hope that helps and good luck with your floating shelf mounting project.

  5. #15
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    Default Re: Hanging Shelves - Seems Simple But NOT

    Quote Originally Posted by Blue RidgeParkway View Post
    I did not mean the type of screws others have mentioned and pictured they tend not to work too well, the thin edges round over bend warp and cause problems when you try to hang, remove, rehang the shelf until you get it right, .
    Blue, First suggesting a different screw type was not a reflection on your choices but a personal preference. Second if you had ever actually used the type of screws I pictured you would not have made the statement above. The entire head is hardened and you will not bend or round over the washer part hanging and remove the shelf hundreds of times.

    You also said "I meant to use two loose washers on each screw so that when you mount the shelf and get the screw head by itself or the screw head and one washer in the keyhole of the hanger plate and leave one larger flat washer between the backside of the plate and the wall before you engage it" this may be possible if there was one hanger near the edge but with two hangers trying to keep two sets of washer separated as you hang the shelf and have it adjusted to hold the hanger next to the wall is almost impossible.
    Jack
    Last edited by JLMCDANIEL; 12-01-2008 at 12:32 AM. Reason: correct spelling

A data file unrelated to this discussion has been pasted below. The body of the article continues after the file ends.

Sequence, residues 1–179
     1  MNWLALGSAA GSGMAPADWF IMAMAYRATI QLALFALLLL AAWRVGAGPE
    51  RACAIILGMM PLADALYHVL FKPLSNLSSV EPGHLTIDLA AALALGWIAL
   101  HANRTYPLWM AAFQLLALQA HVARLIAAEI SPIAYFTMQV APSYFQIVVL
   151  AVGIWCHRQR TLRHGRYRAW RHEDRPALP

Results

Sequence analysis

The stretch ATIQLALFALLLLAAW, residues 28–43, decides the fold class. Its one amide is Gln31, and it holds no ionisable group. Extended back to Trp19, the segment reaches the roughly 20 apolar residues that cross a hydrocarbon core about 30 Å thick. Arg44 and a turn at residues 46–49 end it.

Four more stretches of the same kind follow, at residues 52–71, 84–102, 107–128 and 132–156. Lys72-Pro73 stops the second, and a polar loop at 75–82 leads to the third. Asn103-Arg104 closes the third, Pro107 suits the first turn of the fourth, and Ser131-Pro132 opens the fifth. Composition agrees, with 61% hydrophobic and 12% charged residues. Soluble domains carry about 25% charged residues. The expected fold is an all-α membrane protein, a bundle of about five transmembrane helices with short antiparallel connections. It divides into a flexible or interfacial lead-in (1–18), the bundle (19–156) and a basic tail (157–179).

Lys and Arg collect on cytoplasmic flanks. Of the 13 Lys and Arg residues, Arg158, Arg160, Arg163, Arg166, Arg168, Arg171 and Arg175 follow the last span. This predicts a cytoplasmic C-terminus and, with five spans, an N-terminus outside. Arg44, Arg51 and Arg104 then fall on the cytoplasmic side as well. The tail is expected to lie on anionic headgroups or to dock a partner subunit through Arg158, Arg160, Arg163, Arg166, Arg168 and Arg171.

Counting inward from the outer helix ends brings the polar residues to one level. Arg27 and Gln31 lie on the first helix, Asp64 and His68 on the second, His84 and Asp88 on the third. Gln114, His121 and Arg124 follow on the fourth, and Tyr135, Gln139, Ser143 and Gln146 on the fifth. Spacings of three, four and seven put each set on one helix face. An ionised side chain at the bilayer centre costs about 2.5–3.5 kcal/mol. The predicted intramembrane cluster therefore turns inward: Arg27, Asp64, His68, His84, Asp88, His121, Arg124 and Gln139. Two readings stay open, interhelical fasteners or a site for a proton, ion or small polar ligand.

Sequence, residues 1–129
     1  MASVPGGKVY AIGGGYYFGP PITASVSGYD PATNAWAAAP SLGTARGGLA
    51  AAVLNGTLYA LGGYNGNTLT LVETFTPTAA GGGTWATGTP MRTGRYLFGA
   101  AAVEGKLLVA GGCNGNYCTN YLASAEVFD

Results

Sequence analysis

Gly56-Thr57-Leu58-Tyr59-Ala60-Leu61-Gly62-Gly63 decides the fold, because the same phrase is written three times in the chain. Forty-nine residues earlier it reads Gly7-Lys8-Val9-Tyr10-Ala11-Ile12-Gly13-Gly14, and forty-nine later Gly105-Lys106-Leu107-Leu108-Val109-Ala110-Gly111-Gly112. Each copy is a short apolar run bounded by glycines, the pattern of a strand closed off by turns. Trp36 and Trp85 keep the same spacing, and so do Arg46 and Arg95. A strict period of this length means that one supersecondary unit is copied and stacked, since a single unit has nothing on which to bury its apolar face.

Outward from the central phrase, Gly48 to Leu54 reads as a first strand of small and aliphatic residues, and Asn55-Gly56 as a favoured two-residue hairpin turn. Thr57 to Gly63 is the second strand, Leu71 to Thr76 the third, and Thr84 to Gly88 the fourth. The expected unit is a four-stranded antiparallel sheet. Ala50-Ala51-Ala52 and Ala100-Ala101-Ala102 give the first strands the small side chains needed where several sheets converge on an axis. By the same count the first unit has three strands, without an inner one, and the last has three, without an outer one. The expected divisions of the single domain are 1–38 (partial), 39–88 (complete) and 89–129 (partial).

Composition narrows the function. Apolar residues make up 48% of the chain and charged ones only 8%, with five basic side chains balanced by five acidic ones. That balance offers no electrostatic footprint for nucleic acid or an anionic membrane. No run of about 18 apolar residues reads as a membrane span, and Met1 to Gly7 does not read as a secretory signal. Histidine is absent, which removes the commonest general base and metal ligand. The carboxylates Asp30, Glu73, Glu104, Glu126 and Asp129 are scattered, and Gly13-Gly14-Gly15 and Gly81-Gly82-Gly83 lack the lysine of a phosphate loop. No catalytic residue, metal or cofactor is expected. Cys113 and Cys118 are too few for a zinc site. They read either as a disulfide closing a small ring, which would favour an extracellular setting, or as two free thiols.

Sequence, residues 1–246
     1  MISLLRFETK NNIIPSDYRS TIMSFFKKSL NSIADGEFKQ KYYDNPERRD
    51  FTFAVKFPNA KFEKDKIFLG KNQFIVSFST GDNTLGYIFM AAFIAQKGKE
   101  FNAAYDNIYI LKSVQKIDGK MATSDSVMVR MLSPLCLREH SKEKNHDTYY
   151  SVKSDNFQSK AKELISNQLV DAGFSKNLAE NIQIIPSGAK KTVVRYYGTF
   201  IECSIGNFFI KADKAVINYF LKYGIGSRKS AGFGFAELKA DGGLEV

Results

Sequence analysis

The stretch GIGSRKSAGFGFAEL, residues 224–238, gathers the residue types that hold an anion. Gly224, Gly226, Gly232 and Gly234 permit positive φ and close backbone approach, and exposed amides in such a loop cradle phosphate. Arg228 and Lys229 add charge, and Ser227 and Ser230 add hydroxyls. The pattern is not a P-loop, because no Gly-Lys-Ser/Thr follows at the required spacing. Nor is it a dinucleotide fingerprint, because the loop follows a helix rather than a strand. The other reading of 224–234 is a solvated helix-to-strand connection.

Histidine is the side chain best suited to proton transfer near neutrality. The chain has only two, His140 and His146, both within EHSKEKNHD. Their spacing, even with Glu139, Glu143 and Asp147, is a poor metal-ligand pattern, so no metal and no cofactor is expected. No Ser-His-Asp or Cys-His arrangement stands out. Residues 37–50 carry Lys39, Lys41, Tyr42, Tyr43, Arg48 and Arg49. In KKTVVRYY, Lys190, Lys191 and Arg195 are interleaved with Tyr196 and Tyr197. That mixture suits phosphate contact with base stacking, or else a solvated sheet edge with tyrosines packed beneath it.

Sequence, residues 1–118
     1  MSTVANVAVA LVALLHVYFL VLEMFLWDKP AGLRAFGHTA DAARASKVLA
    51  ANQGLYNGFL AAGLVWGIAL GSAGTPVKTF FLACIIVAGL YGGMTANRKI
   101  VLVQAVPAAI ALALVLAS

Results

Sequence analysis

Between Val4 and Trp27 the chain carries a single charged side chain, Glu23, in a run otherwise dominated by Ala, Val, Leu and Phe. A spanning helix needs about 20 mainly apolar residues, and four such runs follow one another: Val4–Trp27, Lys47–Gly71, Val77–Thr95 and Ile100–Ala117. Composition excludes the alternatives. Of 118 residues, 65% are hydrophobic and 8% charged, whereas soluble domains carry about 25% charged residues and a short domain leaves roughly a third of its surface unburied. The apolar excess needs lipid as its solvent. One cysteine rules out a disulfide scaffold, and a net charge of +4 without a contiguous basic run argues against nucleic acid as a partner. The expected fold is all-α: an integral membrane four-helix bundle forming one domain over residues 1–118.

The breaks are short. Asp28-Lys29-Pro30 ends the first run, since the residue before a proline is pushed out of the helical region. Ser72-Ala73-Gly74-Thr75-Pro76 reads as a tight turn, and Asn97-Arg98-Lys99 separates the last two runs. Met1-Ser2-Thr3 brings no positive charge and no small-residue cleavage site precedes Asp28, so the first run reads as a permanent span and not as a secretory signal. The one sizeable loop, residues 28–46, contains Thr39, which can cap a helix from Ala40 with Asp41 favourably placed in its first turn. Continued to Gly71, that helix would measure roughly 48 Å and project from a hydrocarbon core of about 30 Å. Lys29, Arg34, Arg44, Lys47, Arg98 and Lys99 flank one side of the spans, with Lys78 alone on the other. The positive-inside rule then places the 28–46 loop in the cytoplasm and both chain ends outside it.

Be sure you live your life, because you are a long time dead.-Scottish Proverb

  6. #16
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    Default Re: Hanging Shelves - Seems Simple But NOT

    Quote Originally Posted by JLMCDANIEL View Post
    Blue, First suggesting a different screw type was not a reflection on your choices but a personal preference. Second if you had ever actually used the type of screws I pictured you would not have made the statement above. The entire head is hardened and you will not bend or round over the washer part hanging and remove the shelf hundreds of times.

    You also said "I meant to use two loose washers on each screw so that when you mount the shelf and get the screw head by itself or the screw head and one washer in the keyhole of the hanger plate and leave one larger flat washer between the backside of the plate and the wall before you engage it" this may be possible if there was one hanger near the edge but with two hangers trying to keep two sets of washer separated as you hang the shelf and have it adjusted to hold the hanger next to the wall is almost impossible.